Shockingly, Cable TV and Broadband Customer Satisfaction Is Still The Worst In America

from the ill-communication dept

Every few years or so, giant cable and broadband companies like Comcast will proclaim that they've finally seen the light, and will be spending time shoring up their terrible customer service. Like a few years ago, when Comcast proclaimed it had hired a "Customer Experience VP" who would finally make addressing the company's historically terrible customer service a top priority. CEO Brian Roberts also can be found at least once a year claiming that the company is going to finally address the problem by hiring better people, improving support systems, and generally revisiting the company's policies.

But year after year, big cable and broadband companies fail to deliver. Case in point: the latest American Consumer Satisfaction Index was recently released, and ISPs and cable providers continue to see the worst customer satisfaction scores in America. These companies are so bad at what they do, they're routinely bested by even everybody's favorite punching bag: the IRS. When it comes to broadband service on a scale of 100, both Comcast and Charter (Spectrum) continue to see the worst scores in an already terrible sector:

"Internet Service Providers didn’t fare any better than cable companies with the overall industry ratings at the same 62. The only three ISPs with rankings above the average are Verizon FiOS (70), AT&T Internet (69) and Altice (63). At the bottom of the rankings are Frontier (55), MediaCom (56), and Windstream (57). The big cable companies don’t fare well as ISPs – Charter (59) and Comcast (61)."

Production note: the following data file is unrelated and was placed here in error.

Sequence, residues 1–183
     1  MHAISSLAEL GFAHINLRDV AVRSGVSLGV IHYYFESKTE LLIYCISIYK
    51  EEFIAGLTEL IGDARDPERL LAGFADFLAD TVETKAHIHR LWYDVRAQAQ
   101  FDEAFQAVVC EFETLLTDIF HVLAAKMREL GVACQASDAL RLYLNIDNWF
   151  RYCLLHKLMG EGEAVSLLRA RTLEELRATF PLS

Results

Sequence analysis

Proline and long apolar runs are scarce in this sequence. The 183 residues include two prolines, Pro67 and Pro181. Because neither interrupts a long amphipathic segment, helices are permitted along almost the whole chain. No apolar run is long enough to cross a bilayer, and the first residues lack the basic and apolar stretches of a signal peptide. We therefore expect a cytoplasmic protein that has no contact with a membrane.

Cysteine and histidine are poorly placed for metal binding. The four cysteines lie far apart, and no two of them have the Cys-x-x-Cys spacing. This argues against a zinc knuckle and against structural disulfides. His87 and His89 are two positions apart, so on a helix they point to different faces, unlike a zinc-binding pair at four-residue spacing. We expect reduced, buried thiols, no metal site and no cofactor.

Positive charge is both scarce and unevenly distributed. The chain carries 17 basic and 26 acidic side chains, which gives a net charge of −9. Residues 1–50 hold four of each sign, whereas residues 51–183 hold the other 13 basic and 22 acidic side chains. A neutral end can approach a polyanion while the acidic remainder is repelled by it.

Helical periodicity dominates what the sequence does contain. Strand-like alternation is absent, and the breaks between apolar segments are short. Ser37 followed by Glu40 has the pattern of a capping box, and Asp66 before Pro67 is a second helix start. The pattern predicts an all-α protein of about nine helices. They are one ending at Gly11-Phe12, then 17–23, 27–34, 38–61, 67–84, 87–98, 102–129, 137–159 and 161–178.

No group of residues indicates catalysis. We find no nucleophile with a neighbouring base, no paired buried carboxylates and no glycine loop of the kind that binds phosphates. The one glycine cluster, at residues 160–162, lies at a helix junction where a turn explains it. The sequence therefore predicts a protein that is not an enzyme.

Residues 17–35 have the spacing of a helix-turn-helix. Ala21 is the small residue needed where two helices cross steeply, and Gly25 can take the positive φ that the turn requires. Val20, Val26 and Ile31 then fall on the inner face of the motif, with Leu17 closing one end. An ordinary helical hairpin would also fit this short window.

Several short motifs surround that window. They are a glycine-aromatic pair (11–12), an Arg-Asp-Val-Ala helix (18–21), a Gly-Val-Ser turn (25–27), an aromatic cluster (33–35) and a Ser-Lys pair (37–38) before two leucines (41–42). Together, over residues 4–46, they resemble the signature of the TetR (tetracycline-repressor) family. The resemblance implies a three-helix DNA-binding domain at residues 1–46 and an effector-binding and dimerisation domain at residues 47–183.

Things are equally bad on the cable TV front, where despite the rise of competition from streaming providers, incumbent cable ops still can't seem to figure out this whole "treating customers with respect" thing. While most hated industries (airlines) rank in the 70s and more popular brands (Amazon) reach the 80s, cable TV remains struggling in the 50s and 60s:

In the TV sector, the emergence of streaming video has offered consumers some reprieve. Streaming providers like Netflix, Hulu, and Amazon routinely rate much higher in customer satisfaction because they give consumers what they've been screaming for for years: lower prices and more flexible channel bundles. Ultimately, cable operators will be forced to actually compete on price, but they're apparently waiting until countless millions of their paying customers have fled to greener pastures before actually seriously overhauling their business models. Still, competition in the TV space is rising either way.

The broadband space is less promising. With no meaningful regulatory oversight and little competition, there's really no incentive to improve customer service or offer a better product in most markets. The focus remains on growth for growth's sake (megamergers) and scale, without scaling customer service in symmetry. The end result should be fairly obvious, given the broadband sector ranks worse than a long list of widely despised sectors like the airline, banking, and insurance industries. That kind of accomplishment requires some serious, sustained elbow grease and the kind of monopoly myopia money simply can't buy.

Filed Under: broadband, cable tv, customer satisfaction
Companies: at&t, charter, comcast, frontier, spectrum, verizon, windstream


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  1. identicon
    Glenn, 17 Jun 2019 @ 1:04pm

    So, people are still dissatisfied with being screwed? Who knew!


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